A digital camera is an electronic device used to capture and store photographs electronically in a digital format, instead of using photographic film like conventional cameras, or recording images in an analog format to magnetic tape like many video cameras. Modern compact digital cameras are typically multifunctional, with some devices capable of recording sound and/or video as well as photographs. In the Western market, digital still cameras now outsell their 35 mm film counterparts
A pixel is a contraction if the term PI cture EL ement. Digital images are made up of small squares, just like a tile mosaic on your kitchen or bathroom wall. Though a digital photograph looks smooth and continuous just like a regular photograph, it's actually composed of millions of tiny squares.
Retrevied 26 th February 2007 from: http://photo.net/equipment/digital/basics/
One of the main ways that manufacturers categorize their digital cameras is in terms of pixel count . What this is is the number of individual pixels that go into making each image. Today this number varies between 1 million ( 1 Megapixel ) to around 14 million ( 14 Megapixels ). A million pixels is abbreviated to MP, so a 1MP camera has 1 million pixels and a 3MP camera has 3 million pixels. Currently most popular consumer digital cameras have between 2MP and 5MP. A 3MP camera can make excellent 4"x6" prints and very good 5"x7" prints. If you intend to make lots of 8"x10" prints, then perhaps a 4MP or 5MP camera would be a better choice. Sometimes two numbers are given, total pixels and effective pixels. Total pixels count every pixel on the sensor surface. Usually the very edge pixels aren't used in the final image. Effective pixels are the number of pixels actually used in the image after the edge pixels have been dropped.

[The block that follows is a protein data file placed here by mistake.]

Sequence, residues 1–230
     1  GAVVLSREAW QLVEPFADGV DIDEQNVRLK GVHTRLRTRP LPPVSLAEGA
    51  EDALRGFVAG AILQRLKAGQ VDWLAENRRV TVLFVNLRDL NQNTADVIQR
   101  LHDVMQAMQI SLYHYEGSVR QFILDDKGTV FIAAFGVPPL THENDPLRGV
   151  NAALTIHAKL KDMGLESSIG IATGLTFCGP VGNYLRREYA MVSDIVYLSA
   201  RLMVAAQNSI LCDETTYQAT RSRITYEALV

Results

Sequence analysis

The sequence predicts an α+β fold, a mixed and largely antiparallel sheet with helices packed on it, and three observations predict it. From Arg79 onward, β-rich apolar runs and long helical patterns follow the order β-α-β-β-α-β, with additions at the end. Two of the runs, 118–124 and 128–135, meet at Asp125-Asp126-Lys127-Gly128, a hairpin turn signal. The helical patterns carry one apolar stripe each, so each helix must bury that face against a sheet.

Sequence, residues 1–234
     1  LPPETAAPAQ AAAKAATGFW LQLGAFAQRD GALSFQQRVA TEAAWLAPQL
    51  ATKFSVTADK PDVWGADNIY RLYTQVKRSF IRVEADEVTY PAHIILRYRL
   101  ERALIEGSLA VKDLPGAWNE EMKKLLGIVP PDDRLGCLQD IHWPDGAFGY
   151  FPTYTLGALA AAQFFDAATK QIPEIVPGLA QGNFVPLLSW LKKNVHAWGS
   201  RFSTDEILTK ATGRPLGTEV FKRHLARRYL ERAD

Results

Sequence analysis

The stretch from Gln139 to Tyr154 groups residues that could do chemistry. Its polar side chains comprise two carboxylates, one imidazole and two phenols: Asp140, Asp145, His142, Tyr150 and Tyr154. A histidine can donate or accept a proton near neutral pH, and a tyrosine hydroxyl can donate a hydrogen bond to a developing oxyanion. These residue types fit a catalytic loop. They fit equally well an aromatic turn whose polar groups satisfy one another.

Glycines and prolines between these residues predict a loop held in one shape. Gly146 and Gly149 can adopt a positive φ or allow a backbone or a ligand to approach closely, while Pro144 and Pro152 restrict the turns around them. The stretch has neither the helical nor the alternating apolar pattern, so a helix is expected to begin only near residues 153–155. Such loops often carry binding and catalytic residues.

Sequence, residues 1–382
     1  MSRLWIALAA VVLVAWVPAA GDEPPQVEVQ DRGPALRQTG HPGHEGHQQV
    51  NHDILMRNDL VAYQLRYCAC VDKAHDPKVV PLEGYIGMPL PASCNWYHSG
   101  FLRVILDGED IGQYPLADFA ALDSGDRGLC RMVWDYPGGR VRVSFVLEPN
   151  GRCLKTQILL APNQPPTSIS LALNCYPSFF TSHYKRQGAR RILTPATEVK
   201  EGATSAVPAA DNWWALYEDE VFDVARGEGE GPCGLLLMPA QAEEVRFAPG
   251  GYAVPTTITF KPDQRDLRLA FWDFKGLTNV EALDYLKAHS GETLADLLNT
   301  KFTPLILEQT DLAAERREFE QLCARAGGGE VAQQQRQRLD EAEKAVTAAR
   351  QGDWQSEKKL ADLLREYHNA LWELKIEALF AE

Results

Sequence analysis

Most cameras have both optical zoom and digital zoom. Optical zoom works just like a zoom lens on a film camera. The lens changes focal length and magnification as it is zoomed. Image quality stays high throughout the zoom range. Digital zoom simply crops the image to a smaller size, then enlarges the cropped portion to fill the frame again. Digital zoom results in a significant loss of quality as is clear from the examples below. It's pretty much a last resort, and if you don't have it in camera, you can do a similar job using almost any image editing program.
Retrevied 26th February 2007 from: h ttp://photo.net/equipment/digital/basics/
The size of the digital file corresponding to the image which the camera produces depends on the pixel count. In most consumer digicams each pixel generates 3 bytes of data (so called "8-bit data"). One for red, one for green and one for blue. This means that a 3MP camera, which has 3 million pixels, generates 9 million bytes of data, or 9MB (megabytes). A few cameras can generate extra data for extra quality, and some of these cameras generate files which correspond to 2 bytes of data for each color ("16-bit"), so a 3MP camera which is capable of generating 16-bit data will produce an 18MB image file.
Now these files are pretty big and they can be compressed quite a lot without a significant drop in quality. This is where JPEG (Joint Photo Experts Group) comes in. JPEG is an algorithm designed to work with continuous tone photographic images) which takes image data and compresses it in a lossy manner (this means you do lose some information). The more you compress, the smaller the file but the more information you lose. However, you can reduce file size by a factor of 10 or so and still get a very high quality image, just about as good as the uncompressed image for most purposes. You can reduce the file size by a factor of 40 - or even more - but the image starts to look really bad!
On the left, 10:1 JPEG compression. On the Right 40:1 compression. Uncompressed the image would look virtually identical to the 10:1 JPEG on the left. Retrevied 26th February 2007 from: h ttp://photo.net/equipment/digital/basics/